For a literary project in 2023, I’m following Matthew Franck’s Shakespeare in a Year Reading Plan. Like many, I have favourite Shakespeare plays that I return to regularly, and I’m lucky enough to live near The Globe in London and so usually see one or two productions a year. But there are some gaps in my knowledge, so it strikes me as a very worthy project. To spur me on to read and reflect, I’ve decided to run a “Shakespeare Notebook” on the blog this year for my scattered reflections–hopefully thinking about the Bard in relation to the historic Protestant tradition which we promote here at Ad Fontes and The Davenant Institute. I intend to blog mainly about the plays, rather than the poetry, but who knows.
First up: The Two Gentlemen of Verona.
Franck’s reading plan is mostly chronological, and Two Gentlemen is regarded by many as Shakespeare’s earliest play, so is up first. It’s rarely performed these days, and few folk know it very well. I will confess: I had never read it before this week, but it has been hugely enlightening looking into commentary upon and reception of the play.
Two Gentlemen’s relative obscurity is largely due to its perceived dramatic inferiority, as an earlier work (although it has plenty of elements we’d now regard as “problematic”, such as Proteus attempting to force himself on Silvia toward the end). One of its best scenes involves Crab the dog, which is behind Geoffrey Rush’s classic, dismissive line in Shakespeare in Love: “You see: comedy, love, and a bit with a dog–that’s what they want.” It can seem as if that’s all the play amounts to: a by-the-numbers sort of rom-com, full of elements which we see reappearing in other, better known Shakespearean love stories. It also has perhaps Shakespeare’s most rushed ending, which is saying something.
However, Oxford Shakespeare scholar Emma Smith makes some good points against the assumed early dating in her always illuminating Approaching Shakespeare lectures. Certainly, we shouldn’t let “earliness” be the dominant lens through which we look at the play. There is much to be said for it.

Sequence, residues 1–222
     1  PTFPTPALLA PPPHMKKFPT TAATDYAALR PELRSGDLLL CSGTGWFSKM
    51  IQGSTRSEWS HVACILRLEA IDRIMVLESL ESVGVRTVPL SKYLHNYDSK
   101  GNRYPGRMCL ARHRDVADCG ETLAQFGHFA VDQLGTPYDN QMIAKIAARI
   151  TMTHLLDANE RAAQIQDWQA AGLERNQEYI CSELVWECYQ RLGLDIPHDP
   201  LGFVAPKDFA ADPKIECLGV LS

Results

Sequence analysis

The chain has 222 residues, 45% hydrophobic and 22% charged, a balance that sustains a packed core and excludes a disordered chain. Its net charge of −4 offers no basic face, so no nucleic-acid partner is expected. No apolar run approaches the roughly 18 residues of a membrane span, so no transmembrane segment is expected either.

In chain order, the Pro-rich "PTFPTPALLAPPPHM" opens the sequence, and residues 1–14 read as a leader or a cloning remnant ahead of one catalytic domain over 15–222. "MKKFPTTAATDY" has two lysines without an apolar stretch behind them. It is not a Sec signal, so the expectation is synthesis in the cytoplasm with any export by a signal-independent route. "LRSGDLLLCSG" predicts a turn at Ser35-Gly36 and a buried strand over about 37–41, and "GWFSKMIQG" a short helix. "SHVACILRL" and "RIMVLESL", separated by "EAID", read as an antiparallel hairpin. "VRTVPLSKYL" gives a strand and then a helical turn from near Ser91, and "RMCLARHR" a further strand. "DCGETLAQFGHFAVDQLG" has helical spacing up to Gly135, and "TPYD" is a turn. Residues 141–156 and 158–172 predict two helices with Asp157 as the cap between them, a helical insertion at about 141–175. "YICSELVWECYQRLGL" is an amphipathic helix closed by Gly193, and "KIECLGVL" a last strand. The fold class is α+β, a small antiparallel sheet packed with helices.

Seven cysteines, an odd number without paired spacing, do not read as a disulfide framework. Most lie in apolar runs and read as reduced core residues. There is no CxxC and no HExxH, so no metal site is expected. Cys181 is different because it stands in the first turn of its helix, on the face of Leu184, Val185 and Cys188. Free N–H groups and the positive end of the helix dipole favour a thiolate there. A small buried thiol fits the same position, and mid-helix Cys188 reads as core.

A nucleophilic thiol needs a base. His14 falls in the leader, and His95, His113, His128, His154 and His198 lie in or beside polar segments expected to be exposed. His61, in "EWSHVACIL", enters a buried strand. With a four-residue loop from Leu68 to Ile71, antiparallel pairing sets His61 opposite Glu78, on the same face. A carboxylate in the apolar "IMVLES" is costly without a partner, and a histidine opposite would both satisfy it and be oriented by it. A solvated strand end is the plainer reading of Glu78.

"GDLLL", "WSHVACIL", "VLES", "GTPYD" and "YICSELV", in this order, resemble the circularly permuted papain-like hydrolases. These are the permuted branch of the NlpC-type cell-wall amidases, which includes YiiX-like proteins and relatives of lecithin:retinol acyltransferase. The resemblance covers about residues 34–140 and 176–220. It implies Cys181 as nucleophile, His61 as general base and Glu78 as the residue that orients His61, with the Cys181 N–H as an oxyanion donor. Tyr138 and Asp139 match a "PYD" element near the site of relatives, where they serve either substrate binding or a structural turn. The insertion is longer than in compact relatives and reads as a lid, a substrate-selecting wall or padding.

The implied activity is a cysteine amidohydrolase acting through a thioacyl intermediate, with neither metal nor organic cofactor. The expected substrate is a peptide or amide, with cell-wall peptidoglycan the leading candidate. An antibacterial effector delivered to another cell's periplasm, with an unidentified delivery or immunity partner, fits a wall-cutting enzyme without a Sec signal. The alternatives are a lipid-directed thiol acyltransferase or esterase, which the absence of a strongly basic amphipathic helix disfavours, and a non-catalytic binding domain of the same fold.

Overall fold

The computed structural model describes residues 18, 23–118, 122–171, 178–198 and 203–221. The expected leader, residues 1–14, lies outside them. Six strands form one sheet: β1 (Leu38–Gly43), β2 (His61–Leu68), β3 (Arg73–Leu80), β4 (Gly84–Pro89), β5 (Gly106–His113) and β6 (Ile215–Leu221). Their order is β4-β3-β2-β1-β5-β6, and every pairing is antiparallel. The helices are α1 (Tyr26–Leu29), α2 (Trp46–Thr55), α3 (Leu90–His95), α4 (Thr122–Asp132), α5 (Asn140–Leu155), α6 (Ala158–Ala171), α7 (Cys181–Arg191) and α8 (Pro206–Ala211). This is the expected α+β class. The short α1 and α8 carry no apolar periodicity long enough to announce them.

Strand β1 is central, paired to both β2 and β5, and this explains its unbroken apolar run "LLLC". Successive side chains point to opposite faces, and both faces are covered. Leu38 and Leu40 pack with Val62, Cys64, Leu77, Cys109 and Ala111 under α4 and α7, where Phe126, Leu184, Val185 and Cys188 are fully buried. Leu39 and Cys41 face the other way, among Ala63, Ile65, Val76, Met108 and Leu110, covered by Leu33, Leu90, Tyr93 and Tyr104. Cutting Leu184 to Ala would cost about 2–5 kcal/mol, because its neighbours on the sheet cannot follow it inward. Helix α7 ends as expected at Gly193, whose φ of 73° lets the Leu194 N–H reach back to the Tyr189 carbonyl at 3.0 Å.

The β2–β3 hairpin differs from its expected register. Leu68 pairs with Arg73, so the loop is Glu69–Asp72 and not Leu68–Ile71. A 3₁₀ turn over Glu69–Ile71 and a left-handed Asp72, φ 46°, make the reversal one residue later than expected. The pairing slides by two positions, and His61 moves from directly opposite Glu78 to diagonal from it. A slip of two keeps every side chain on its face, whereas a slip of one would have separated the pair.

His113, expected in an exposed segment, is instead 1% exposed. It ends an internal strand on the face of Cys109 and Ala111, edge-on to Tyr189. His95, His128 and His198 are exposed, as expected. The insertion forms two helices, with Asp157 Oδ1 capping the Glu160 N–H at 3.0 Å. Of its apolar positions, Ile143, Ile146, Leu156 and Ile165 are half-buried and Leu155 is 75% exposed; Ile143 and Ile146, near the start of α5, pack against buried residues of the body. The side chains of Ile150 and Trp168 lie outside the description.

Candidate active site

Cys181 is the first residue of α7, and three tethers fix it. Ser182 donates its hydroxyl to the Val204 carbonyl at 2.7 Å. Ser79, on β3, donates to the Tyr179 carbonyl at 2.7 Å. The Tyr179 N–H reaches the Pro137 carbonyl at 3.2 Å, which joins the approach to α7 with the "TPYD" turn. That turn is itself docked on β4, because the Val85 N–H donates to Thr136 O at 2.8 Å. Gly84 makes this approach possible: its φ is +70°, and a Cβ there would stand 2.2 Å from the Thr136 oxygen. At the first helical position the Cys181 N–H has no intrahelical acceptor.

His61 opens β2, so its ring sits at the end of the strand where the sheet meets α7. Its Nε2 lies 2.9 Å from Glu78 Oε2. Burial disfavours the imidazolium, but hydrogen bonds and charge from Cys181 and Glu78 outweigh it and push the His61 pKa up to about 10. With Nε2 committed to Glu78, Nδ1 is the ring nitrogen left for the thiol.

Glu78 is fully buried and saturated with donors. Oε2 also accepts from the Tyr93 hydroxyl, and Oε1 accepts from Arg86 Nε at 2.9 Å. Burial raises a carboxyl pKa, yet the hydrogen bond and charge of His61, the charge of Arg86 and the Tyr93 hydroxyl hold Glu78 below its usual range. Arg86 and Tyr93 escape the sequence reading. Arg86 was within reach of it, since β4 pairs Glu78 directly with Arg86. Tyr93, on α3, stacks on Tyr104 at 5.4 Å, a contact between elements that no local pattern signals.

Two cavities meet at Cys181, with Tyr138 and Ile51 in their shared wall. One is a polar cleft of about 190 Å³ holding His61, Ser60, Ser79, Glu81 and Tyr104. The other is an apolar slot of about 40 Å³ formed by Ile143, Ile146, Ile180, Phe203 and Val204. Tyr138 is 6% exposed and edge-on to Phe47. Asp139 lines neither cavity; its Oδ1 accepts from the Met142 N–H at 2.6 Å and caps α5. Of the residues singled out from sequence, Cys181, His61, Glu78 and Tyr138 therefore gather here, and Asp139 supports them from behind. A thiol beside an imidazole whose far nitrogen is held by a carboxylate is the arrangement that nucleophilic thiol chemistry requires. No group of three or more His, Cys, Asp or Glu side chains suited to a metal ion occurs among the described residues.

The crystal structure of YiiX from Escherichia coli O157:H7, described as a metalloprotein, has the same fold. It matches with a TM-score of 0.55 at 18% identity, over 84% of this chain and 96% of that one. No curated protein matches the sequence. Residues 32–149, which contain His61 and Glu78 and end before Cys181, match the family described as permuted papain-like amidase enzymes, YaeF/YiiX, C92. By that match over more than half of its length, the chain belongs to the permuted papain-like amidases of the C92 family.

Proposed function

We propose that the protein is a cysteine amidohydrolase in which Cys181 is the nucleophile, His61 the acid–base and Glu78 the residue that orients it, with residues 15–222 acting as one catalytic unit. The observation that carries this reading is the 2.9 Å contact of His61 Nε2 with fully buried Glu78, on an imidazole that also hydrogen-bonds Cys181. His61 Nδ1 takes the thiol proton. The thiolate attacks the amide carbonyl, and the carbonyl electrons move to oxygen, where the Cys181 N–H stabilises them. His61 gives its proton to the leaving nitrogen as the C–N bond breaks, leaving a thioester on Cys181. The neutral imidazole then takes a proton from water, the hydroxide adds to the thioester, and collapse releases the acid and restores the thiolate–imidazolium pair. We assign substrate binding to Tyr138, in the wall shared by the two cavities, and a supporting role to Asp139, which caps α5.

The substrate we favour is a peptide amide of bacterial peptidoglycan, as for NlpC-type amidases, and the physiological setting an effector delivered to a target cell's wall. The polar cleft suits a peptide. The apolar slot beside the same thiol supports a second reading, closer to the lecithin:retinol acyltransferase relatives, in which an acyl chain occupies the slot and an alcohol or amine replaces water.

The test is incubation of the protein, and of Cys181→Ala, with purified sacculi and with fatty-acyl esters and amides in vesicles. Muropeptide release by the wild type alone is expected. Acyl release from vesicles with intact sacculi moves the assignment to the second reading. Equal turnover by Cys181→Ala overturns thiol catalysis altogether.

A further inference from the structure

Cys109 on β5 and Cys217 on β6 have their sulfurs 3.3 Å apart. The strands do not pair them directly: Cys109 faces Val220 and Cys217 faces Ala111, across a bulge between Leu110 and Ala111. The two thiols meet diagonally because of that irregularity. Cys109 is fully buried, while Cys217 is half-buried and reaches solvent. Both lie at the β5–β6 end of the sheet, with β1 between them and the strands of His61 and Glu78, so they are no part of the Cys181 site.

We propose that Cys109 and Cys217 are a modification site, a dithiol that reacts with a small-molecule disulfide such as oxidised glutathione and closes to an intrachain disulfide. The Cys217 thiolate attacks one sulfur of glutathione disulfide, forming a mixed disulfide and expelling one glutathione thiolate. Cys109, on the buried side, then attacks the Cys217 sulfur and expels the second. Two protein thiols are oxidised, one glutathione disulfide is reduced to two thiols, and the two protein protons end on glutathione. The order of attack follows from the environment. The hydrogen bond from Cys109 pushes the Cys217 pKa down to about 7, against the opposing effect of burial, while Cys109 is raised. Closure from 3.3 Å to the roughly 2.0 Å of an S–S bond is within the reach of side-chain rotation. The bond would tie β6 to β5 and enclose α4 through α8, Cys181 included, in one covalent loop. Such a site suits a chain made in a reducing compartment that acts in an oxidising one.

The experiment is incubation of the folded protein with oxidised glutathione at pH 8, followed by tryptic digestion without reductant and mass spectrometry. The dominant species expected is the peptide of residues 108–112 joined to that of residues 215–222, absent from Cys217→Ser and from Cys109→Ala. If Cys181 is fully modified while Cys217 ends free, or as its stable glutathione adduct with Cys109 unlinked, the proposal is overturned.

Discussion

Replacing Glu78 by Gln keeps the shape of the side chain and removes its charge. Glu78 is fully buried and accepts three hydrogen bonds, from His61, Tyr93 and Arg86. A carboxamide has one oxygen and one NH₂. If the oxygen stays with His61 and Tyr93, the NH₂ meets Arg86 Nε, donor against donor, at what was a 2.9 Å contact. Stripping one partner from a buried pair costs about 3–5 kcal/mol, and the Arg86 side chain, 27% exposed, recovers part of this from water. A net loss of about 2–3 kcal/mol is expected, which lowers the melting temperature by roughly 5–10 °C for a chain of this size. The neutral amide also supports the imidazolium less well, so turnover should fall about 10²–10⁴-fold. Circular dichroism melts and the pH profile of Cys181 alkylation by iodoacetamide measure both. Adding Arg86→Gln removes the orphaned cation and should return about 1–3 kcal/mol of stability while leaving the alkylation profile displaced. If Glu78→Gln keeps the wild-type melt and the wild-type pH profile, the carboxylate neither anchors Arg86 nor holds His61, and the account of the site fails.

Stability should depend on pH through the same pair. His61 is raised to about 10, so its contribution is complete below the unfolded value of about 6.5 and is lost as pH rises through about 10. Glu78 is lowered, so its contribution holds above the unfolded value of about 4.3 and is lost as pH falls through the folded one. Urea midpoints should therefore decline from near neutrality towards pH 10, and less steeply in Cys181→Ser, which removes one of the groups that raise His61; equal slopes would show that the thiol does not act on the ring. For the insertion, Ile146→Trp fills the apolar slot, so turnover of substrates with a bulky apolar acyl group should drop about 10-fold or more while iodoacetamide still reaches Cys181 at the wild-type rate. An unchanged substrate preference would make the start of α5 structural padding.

Two things have stuck in my mind above all as I’ve read and reflected on the play. I’ll comment on the first at a little more length, and then the second very briefly.
Eros, Blindness, and Plato
Contrary to my favourite Horrible Histories song, Shakespeare didn’t coin the phrase “love is blind”–but he damn well solidified it. The phrase appears in The Merchant of Venice (“But love is blind and lovers cannot see/The pretty follies that themselves commit”), Henry V (“Yet they do wink and yield, as love is blind and enforces”), and in Act 2, Scene 1 of Two Gentlemen (a delightful clip of which you can see here, including the line).
It comes when Valentine, once sceptical of love, is discussing his newfound love for Silvia with his servant Speed:
VALENTINE: I have loved her ever since I saw her; and still I see her beautiful. SPEED: If you love her, you cannot see her. VALENTINE: Why? SPEED: Because Love is blind. O, that you had mine eyes; or your own eyes had the lights they were wont to have when you chid at Sir Proteus for going ungartered! 2.1.53-57
This is a huge theme of the play: does love make one blind, or does it in fact enable true sight? Does it make you a prisoner, or does it set you free? The dialogue returns to this question, and the attendant imagery of sight/blindness and bondage/freedom, again and again.
Depending on your read of the play, “love is blind” may be Shakespeare’s most misunderstood line. I think I buy James Sheldrake’s argument that, in Two Gentlemen, Shakespeare wants us to see that real love in fact enables us to see clearly, and we should be suspicious of any character in Shakespeare who says otherwise. Man’s problem is not love, but rather inconstancy. This, I think, is the thrust of Proteus’ line (and “Proteus”, of course, relates to “protean”, and thus to changeability) when he repents, comes to his senses, and returns to his first beloved, Julia, having been selfishly infatuated with Silvia:
PROTEUS: What is in Silvia’s face but I may spy More fresh in Julia’s, with a constant eye? 5.4.116-117
True love, then, is sight, not blindness–beholding of a beloved in constancy. This, in turn, put me in mind of Plato’s Phaedrus, which has an immense amount to say about eros and sight, and it it’s in part the similarities with the Phaedrus which make incline me to agree with Sheldrake (and there’s a strong argument to be made that Shakespeare was conversant with Plato).